What about Merkel? She has announced her intention of soldiering on as Chancellor, even having resigned from leadership of her party. No one believes this is viable. Even if the German coalition does not fall apart (a big if), would the Christian Democratic Union (CDU) want to give up the option of going into the next elections with a candidate who has had the huge public exposure of serving for some time as Chancellor? And would they not want to distance themselves somewhat from Merkel?

Would Merkel be interested in moving to Europe, the obligatory protestation of retiring from politics notwithstanding? I think she would. First, she would understand the importance of having a German Christian Democrat in a key position, and if it is not to be Weber, why not her? Could there be a more noble and glorious way to end her historic chancellorship than by moving to become the President of the Council? If the offer were made in the wake of the EP elections in May 2019 I expect that she would hum and haw but then ‘for the good of Europe’ accept.

But in this case, it is not the EP but the other Member States who would have to come on board. The key here would be Macron and France. But if he is serious about his ambitious reform plan for Europe, he too could not dream of a better partner (not hemmed by internal German politics) than Merkel as President of the Council, with her authority and gravitas. And if Lagarde, who would not be the darling of the French Left, but would be perceived by most as entirely compatible with Macron’s world view, were to be part of the package, it is not impossible that he would throw his weight behind Merkel. ‘For the good of Europe’, of course.

A partnership of Timmermans and Merkel would be even greater than the sum of its parts. There is no European politician who enjoys greater respect around the world and thus the President of the Council could emerge, as was once predicted, Ms Europe for the rest of the World (apart from chairing the Council). And Timmermans, as President of the Commission, with his vast experience and charisma, could focus more intensively on the internal agenda.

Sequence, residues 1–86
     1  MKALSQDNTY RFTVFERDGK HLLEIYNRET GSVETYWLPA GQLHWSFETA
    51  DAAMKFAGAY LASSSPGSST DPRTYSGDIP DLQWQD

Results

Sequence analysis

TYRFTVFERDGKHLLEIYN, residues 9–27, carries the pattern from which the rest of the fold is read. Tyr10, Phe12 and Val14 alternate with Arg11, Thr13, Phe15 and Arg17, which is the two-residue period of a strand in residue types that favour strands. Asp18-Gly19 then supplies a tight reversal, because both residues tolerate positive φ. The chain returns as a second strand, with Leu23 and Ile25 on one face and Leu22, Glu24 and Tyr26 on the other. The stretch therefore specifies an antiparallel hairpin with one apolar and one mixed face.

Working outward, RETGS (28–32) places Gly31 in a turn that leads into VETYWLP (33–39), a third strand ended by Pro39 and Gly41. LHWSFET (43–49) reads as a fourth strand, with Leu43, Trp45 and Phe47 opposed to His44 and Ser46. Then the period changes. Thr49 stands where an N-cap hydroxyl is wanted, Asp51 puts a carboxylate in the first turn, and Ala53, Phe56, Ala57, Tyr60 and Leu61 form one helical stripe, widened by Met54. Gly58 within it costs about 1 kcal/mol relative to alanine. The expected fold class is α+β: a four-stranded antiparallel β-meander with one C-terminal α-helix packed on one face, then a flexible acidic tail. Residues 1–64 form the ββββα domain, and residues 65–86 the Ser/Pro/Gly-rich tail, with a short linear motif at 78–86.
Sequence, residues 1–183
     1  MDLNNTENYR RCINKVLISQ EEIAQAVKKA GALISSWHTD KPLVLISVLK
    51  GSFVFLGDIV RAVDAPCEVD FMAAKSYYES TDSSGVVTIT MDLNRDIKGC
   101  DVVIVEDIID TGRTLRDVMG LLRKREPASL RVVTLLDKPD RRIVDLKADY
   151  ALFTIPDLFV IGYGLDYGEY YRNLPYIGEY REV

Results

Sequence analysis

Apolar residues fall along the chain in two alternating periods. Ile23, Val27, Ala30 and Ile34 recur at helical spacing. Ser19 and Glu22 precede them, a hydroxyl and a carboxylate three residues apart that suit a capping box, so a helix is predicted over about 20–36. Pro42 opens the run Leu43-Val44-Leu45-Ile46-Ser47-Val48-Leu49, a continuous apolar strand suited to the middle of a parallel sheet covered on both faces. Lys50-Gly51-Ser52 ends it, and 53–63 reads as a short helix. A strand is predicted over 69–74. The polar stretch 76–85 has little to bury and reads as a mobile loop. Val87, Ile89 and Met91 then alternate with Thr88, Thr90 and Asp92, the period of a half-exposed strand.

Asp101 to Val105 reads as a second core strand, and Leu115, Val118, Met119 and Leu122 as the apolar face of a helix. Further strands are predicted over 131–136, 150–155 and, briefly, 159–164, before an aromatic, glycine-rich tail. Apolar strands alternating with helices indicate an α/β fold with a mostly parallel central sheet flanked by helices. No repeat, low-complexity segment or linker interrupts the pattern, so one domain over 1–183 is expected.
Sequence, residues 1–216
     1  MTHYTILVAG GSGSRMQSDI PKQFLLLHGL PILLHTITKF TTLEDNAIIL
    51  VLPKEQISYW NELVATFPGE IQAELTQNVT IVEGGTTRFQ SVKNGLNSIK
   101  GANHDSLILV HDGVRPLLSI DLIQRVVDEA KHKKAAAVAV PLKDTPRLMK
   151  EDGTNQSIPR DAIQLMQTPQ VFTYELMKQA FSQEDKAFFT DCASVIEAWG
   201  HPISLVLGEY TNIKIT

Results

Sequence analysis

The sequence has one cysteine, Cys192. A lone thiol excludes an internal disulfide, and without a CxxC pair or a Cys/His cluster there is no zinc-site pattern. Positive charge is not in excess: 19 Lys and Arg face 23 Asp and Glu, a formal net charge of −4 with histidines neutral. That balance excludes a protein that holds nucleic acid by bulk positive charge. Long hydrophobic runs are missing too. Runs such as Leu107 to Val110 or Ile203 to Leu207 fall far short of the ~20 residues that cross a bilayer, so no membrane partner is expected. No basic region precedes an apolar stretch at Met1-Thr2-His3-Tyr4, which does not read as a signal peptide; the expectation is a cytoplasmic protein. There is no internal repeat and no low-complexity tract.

What of the other Member States? A German at the helm? Not everyone’s cup of tea. But Merkel is Merkel, and the esteem with which she is held even by her adversaries might just be sufficient to get the necessary support. Her migrant policy which got her into such deep trouble in Germany would actually put her in good stead among the European Centre Left, and there are few European politicians who are perceived to have sufficient gravitas to stand up to the Trumps of the world.

A Socialist as President of the Commission, a Christian Democrat as President of the Council, a Liberal as High Representative (I am not sure to which political family I would plug Lagarde – and maybe that is a good thing for someone who is to take over at the ECB). Dutch, German, French nationalities, two women two men, but most important of all, four politicians with huge experience and ability and all committed Europeans and democrats. My dream team.

Print Friendly, PDF & Email
Filed under: Editorials, EJIL
 
Tags:
Comments Off on The European Dream Team